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Filmmaking in R.I.: ‘The smallest state with the greatest backlot’

On the Rhode Island Report podcast, R.I. Film & Television Office executive director Steven Feinberg talks about luring film crews here to shoot “Hocus Pocus 2,” HBO’s “The Gilded Age,” and other productions

Steven Feinberg, executive director of the Rhode Island Film & Television Office, speaks to Boston Globe reporter Edward Fitzpatrick on the Rhode Island Report podcast.Abbey Oldham

PROVIDENCE — Rhode Island will never be mistaken for Tinseltown. But in the past year, the state has seen witches flying over Federal Hill as part of the filming of “Hocus Pocus 2” and film crews capturing the grandeur of a Newport mansion for the second season of HBO’s “The Gilded Age.

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On the Rhode Island Report podcast, Steven Feinberg — executive director of the Rhode Island Film & Television Office and host of DoubleFEATURE on Rhode Island PBS — talked about the selling points he uses to attract film crews to Rhode Island.

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“I always say we’re the smallest state with the greatest backlot because we have such diverse locations and close proximity,” Feinberg said.

In Rhode Island, film crews won’t get stuck in the traffic jams that clog the highways of Los Angeles, he said, and if directors need to reach the “people in power,” they won’t need to travel far and wide — they can find them all in one place under the State House’s marble dome.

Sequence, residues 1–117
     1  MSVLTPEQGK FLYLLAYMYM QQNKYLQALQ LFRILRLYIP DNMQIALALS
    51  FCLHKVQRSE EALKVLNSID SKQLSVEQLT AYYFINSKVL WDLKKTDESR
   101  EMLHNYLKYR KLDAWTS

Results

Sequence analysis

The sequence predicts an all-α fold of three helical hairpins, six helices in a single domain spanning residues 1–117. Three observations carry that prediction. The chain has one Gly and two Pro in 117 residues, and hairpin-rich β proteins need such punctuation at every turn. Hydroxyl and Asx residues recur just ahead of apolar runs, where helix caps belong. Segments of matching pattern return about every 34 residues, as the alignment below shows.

“I tell people Rhode Island’s a lot like Tombstone,” Feinberg said. “They say, ‘What do you mean?’ I say, ‘We’re a town. Everybody knows everybody. If I don’t know somebody, I know somebody who knows somebody.’ And that can be very powerful.”

The Film & Television Office uses motion picture production film tax credits to try to bring film crews to Rhode Island. In February, the Rhode Island Office of Revenue Analysis issued a report saying the state’s tax credit program fails to break even, its goals are “vague,” and data reporting requirements “lead to inconsistent and unreliable data on program performance.”

Feinberg strongly disagreed, saying the report contained “miscalculations” and “omissions.” He said Industrial Economics, a company based in Cambridge, Mass., produced a report in March saying that every $1 in film tax credits generated $5.44 in economic activity, and that the benefit extended to nearly every city and town in the state.

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Rhode Island was one of the first states to offer a film tax incentive program, beginning in 2005, he said, but now other states have copied the model and states such as Massachusetts have no cap on the film tax credits available.

“I am restricted,” Feinberg said. “I have to turn productions away.” But he said he is grateful the state agreed to raise the annual cap to $40 million this year.

When asked what productions he has lined up for 2023, Feinberg said, “I’ll say hopefully ‘Gilded Age Season 3.’ We’re going to get the green light on that.” And he said he’s trying to lock up a “high profile” production that includes an “A-list actor” who he would not name. He said his “dream” is for Rhode Island to some day create its own film studio.

Meanwhile, Feinberg will be presenting “It’s a Wonderful Life” on Friday at the Greenwich Odeum, where he is board vice president. He plans to share “behind-the-scenes stories of the classic film” as an introduction. Doors open at 7 p.m. The film starts at 8 p.m.

To get the latest episode each week, follow Rhode Island Report podcast on Apple Podcasts and other podcasting platforms, or listen in the player above.


Edward Fitzpatrick can be reached at edward.fitzpatrick@globe.com. Follow him on Twitter @FitzProv.